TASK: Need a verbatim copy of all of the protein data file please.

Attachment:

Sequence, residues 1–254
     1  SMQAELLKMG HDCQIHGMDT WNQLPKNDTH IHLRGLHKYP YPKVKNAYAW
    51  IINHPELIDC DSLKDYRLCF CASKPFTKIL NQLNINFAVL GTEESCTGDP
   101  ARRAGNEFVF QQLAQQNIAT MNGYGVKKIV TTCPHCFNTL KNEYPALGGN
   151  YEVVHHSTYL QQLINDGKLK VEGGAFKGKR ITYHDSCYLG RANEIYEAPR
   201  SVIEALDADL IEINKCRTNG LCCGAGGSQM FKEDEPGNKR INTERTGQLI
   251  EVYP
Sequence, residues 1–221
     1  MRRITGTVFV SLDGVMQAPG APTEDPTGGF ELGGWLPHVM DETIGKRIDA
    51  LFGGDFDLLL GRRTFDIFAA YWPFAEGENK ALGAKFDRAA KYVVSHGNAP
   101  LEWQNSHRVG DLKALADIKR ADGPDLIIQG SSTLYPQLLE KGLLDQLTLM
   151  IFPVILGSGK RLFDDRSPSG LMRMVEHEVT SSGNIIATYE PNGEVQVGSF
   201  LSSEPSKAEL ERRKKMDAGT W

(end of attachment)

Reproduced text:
Sequence, residues 1–254
     1  SMQAELLKMG HDCQIHGMDT WNQLPKNDTH IHLRGLHKYP YPKVKNAYAW
    51  IINHPELIDC DSLKDYRLCF CASKPFTKIL NQLNINFAVL GTEESCTGDP
   101  ARRAGNEFVF QQLAQQNIAT MNGYGVKKIV TTCPHCFNTL KNEYPALGGN
   151  YEVVHHSTYL QQLINDGKLK VEGGAFKGKR ITYHDSCYLG RANEIYEAPR
   201  SVIEALDADL IEINKCRTNG LCCGAGGSQM FKEDEPGNKR INTERTGQLI
   251  EVYP
Sequence, residues 1–221
     1  MRRITGTVFV SLDGVMQAPG APTEDPTGGF ELGGWLPHVM DETIGKRIDA
    51  LFGGDFDLLL GRRTFDIFAA YWPFAEGENK ALGAKFDRAA KYVVSHGNAP
   101  LEWQNSHRVG DLKALADIKR ADGPDLIIQG SSTLYPQLLE KGLLDQLTLM
   151  IFPVILGSGK RLFDDRSPSG LMRMVEHEVT SSGNIIATYE PNGEVQVGSF
   201  LSSEPSKAEL ERRKKMDAGT W